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Title: Structural determinants of Bunyavirus entry and neutralisation
Author: Stass, Robert
ISNI:       0000 0004 9356 3725
Awarding Body: University of Oxford
Current Institution: University of Oxford
Date of Award: 2019
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The order Bunyavirales is comprised of numerous emerging zoonotic pathogens which present a global threat to human health. Many bunyaviruses are arboviruses including members of the family Nairovirdae such as the tick-borne Crimean-Congo haemorrhagic fever virus that is responsible for deadly outbreaks in Africa, East Asia and Southern Europe. Also among them are members of the family Hantaviridae which include Andes and Sin Nombre virus in the American continent and Hantaan and Puumala virus in Asia and Europe respectively. These are a hosted predominantly by rodents and frequently spill over into humans populations leading to hantavirus pulmonary syndrome and haemorrhagic fever with renal syndrome. Bunyaviruses are often pleomorphic and are enveloped in a membrane harbouring just two surface glycoproteins, Gn and Gc. These glycoproteins are responsible for budding of the virus from the host cell, attachment to new target cells and release of viral RNA by membrane fusion. Furthermore, these glycoproteins are the target of the antibody-mediated host immune response and could form the basis for the development of future vaccines and immunotherapeutic medical interventions. The precise arrangement of these glycoproteins, and how these processes are mediated, are only partially understood for members of Hantaviridae and Nairoviridae. The goal of this thesis is to contribute to our understanding by addressing these topics using cryogenic electron microscopy (cryo-EM). An initial description of the nairovirus surface is presented which displays a novel lattice of glycoproteins across its surface. An improvement to our understanding of the hantavirus glycoprotein array is made which enables, in combination with available crystallographic models, a near-complete pseudo-atomic model of the hantavirus surface to be proposed. In addition, the metastable nature of this lattice is demonstrated after exposure to low pH conditions equivalent of the endocytic pathway. A hantaviral virus-like particle (VLP) system is developed to provide a safe platform for structural studies of otherwise dangerous pathogenic species. This is then used to gain insights into hantavirus receptor interactions including Andes virus and the cell surface protein protocadherin-1. The VLP system is also used to study the structural mechanism of antibody-mediated host immune responses to Puumala virus and Hantaan virus. Finally, a number of tools and optimisations to assist and improve the cryo-ET and subtomogram averaging workflows that enable these structural studies are presented.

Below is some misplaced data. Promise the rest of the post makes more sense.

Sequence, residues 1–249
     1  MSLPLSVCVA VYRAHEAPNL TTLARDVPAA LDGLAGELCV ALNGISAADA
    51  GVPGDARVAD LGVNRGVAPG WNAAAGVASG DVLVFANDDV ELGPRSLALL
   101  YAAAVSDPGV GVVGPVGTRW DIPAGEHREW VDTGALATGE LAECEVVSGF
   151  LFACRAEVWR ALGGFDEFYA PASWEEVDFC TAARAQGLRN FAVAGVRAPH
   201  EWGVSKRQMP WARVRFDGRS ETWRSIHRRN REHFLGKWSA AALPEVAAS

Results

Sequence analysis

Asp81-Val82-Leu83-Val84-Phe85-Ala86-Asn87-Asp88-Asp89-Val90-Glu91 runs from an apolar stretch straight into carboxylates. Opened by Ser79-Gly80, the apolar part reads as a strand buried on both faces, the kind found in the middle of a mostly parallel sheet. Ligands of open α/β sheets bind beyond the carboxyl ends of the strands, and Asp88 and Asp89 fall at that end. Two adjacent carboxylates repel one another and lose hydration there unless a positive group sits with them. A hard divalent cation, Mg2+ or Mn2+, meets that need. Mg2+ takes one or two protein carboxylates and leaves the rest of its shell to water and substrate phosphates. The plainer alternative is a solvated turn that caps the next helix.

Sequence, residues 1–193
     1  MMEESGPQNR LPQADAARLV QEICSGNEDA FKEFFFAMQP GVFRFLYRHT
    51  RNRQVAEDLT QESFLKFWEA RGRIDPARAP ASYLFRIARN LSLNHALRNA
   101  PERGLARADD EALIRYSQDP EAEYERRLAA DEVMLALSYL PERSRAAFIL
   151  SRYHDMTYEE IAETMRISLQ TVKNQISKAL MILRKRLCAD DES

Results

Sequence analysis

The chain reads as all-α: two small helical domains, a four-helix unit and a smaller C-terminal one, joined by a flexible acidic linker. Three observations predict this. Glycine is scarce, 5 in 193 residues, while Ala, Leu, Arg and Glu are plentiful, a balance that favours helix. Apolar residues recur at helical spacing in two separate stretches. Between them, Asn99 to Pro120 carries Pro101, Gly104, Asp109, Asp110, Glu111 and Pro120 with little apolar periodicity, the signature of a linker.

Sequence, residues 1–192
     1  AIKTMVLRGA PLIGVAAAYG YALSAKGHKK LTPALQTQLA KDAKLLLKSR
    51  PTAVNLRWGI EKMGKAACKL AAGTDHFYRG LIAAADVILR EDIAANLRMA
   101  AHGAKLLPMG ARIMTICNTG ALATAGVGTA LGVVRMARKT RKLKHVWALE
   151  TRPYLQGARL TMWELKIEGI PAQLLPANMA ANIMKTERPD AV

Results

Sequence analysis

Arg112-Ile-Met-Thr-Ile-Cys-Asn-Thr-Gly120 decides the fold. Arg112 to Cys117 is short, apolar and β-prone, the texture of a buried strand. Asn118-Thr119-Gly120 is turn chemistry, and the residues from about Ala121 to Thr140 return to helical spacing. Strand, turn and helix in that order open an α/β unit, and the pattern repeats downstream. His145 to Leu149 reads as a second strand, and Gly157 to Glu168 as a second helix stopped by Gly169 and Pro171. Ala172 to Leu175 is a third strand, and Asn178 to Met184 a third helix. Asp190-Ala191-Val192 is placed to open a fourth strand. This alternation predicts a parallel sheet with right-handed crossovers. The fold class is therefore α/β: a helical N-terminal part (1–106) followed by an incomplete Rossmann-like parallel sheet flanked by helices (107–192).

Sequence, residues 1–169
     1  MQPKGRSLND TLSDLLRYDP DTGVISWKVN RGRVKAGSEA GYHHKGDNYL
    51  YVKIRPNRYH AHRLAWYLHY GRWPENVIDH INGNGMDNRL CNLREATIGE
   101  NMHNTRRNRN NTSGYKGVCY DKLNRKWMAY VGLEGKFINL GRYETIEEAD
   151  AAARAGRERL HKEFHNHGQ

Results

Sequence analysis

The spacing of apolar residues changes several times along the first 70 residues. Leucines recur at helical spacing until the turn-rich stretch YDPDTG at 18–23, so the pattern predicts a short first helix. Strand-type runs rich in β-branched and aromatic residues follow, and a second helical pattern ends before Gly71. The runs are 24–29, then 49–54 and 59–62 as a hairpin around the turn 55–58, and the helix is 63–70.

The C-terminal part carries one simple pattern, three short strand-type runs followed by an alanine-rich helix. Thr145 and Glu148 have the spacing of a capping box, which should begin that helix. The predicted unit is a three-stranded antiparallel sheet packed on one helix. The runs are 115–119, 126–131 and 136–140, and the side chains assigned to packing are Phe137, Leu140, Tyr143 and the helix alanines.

Supervisor: Huiskonen, Juha T. ; Bowden, Thomas A. Sponsor: European Research Council
Qualification Name: Thesis (Ph.D.) Qualification Level: Doctoral
EThOS ID:  DOI: Not available
Keywords: virology ; structural biology